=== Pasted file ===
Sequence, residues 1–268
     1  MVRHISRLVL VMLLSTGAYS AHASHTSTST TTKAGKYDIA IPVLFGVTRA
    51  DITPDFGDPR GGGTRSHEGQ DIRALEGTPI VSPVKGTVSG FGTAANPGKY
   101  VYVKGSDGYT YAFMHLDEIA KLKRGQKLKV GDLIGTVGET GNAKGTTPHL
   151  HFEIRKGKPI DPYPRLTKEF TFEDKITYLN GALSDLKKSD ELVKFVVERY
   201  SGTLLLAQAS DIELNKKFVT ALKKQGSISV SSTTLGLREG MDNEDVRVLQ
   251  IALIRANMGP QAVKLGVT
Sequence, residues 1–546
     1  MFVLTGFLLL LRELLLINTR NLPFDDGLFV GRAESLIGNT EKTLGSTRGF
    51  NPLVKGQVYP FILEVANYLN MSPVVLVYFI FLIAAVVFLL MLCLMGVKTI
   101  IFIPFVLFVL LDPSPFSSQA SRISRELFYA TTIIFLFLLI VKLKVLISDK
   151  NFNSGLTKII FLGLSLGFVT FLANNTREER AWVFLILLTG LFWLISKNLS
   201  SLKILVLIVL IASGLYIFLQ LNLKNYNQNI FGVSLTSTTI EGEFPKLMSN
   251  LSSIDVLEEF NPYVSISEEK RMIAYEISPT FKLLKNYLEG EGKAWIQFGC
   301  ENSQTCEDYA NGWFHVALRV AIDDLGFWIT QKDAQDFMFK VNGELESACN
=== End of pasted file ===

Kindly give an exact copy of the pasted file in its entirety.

Sequence, residues 1–268
     1  MVRHISRLVL VMLLSTGAYS AHASHTSTST TTKAGKYDIA IPVLFGVTRA
    51  DITPDFGDPR GGGTRSHEGQ DIRALEGTPI VSPVKGTVSG FGTAANPGKY
   101  VYVKGSDGYT YAFMHLDEIA KLKRGQKLKV GDLIGTVGET GNAKGTTPHL
   151  HFEIRKGKPI DPYPRLTKEF TFEDKITYLN GALSDLKKSD ELVKFVVERY
   201  SGTLLLAQAS DIELNKKFVT ALKKQGSISV SSTTLGLREG MDNEDVRVLQ
   251  IALIRANMGP QAVKLGVT
Sequence, residues 1–546
     1  MFVLTGFLLL LRELLLINTR NLPFDDGLFV GRAESLIGNT EKTLGSTRGF
    51  NPLVKGQVYP FILEVANYLN MSPVVLVYFI FLIAAVVFLL MLCLMGVKTI
   101  IFIPFVLFVL LDPSPFSSQA SRISRELFYA TTIIFLFLLI VKLKVLISDK
   151  NFNSGLTKII FLGLSLGFVT FLANNTREER AWVFLILLTG LFWLISKNLS
   201  SLKILVLIVL IASGLYIFLQ LNLKNYNQNI FGVSLTSTTI EGEFPKLMSN
   251  LSSIDVLEEF NPYVSISEEK RMIAYEISPT FKLLKNYLEG EGKAWIQFGC
   301  ENSQTCEDYA NGWFHVALRV AIDDLGFWIT QKDAQDFMFK VNGELESACN